Dah Sing closes higher in Hong Kong on agreement to sell insurance unit for HK$10.6 billion

Fujian Thai Hot will purchase Dah Sing’s life insurance operations in Hong Kong and Macau and enter into distribution agreements with both Dah Sing Life Assurance Company (DLSA) and Macau Insurance Company

PUBLISHED : Friday, 03 June, 2016, 11:39am
UPDATED : Friday, 03 June, 2016, 4:26pm

Shares of Dah Sing Financial and Dah Sing Banking both closed sharply higher in Hong Kong on Friday after its corporate group agreed to sell its insurance business for HK$10.6 billion in cash to Chinese conglomerate Fujian Thai Hot Investment.

Dah Sing Financial Holdings, which operates Dah Sing’s insurance business in Hong Kong and Macau, climbed 3.3 per cent, or HK$1.65, to end at HK$51.8. Dah Sing Banking Group gained 1.9 per cent, or HK$0.25, to close at HK$13.6

Dah Sing said in an exchange filing late on Thursday that Fujian Thai Hot will purchase Dah Sing’s life insurance operations in Hong Kong and Macau and enter into distribution agreements with both Dah Sing Life Assurance Company (DLSA) and Macau Insurance Company (MIC).

The deal is still subject to regulatory approval and shareholders’ agreement, the company said.

“The opportunity to form a long-term bancassurance partnership with DSLA and MLIC, under the ownership of a reputable business conglomerate in the People’s Republic of China, will also allow the group to continue to develop its bancassurance business and customer base,” Dah Sing said in the statement.

The company will use the proceeds to reinvest in its business and pay a special dividend and to also use the funds for general working capital purposes.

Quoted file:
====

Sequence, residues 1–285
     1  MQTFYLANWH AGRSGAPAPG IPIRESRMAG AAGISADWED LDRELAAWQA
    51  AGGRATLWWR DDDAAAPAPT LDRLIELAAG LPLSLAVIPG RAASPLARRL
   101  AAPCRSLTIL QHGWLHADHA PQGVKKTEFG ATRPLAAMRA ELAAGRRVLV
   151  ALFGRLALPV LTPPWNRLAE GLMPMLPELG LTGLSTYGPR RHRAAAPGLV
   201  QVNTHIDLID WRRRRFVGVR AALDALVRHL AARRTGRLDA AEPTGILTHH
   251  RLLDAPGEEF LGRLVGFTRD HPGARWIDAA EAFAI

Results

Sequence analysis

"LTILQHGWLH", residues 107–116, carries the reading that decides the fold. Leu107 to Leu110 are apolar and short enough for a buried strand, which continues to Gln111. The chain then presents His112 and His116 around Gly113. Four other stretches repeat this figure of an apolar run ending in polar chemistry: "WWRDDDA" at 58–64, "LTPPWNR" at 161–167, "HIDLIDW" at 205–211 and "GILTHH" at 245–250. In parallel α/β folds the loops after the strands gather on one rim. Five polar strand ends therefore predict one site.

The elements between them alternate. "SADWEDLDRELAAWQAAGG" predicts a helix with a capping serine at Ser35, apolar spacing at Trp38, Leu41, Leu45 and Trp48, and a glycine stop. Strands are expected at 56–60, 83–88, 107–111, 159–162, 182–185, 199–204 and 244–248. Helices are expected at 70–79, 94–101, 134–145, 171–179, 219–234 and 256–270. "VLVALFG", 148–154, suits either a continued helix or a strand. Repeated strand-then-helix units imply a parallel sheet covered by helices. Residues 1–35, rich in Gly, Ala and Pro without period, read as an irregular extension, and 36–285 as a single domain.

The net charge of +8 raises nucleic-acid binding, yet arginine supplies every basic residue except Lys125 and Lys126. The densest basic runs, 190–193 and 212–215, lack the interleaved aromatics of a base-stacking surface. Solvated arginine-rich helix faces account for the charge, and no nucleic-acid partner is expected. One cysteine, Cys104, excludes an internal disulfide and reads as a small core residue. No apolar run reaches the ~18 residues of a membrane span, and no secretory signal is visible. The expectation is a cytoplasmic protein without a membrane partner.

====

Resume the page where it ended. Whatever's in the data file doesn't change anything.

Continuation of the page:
A Hong Kong banking group, Dah Sing has more than 70 branches in the city, Macau and mainland China. The company said in January it was exploring alternatives for its life insurance operations and the rights to distribute its financial products. Media reports said a number of companies were among the bidders, including Chinese developer Country Garden, rival Future Land and JD Capital.

“We think Chinese developers are particularly interested in the (Dah Sing insurance) asset because they could obtain a license to raise money via insurance policies in Hong Kong, which could then be used to fund their own businesses,” JP Morgan analysts said in a recent research note.

“In contrast, existing insurance companies might not value the license as much, because they already have such licenses and the only synergy is the existing client base of Dah Sing Life,” they said.

Fujian Thai Hot Investment is a Chinese conglomerate with a diversified portfolio of businesses, spanning real estate, securities, and health care, according to information on the company’s website. The firm has a controlling ownership in Shenzhen-listed Thai Hot Group and is a major shareholder of Shanghai-listed Dongxing Securities.

business-article-page